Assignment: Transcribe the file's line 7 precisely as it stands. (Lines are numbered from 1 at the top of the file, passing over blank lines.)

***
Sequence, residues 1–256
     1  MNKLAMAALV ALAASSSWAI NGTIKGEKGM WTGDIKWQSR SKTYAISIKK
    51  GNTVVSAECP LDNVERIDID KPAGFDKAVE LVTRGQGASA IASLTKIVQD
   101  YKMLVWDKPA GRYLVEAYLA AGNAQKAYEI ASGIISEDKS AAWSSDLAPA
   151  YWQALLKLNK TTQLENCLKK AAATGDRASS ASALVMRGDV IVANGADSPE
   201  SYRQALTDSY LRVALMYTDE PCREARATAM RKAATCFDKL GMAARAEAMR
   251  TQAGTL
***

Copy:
   251  TQAGTL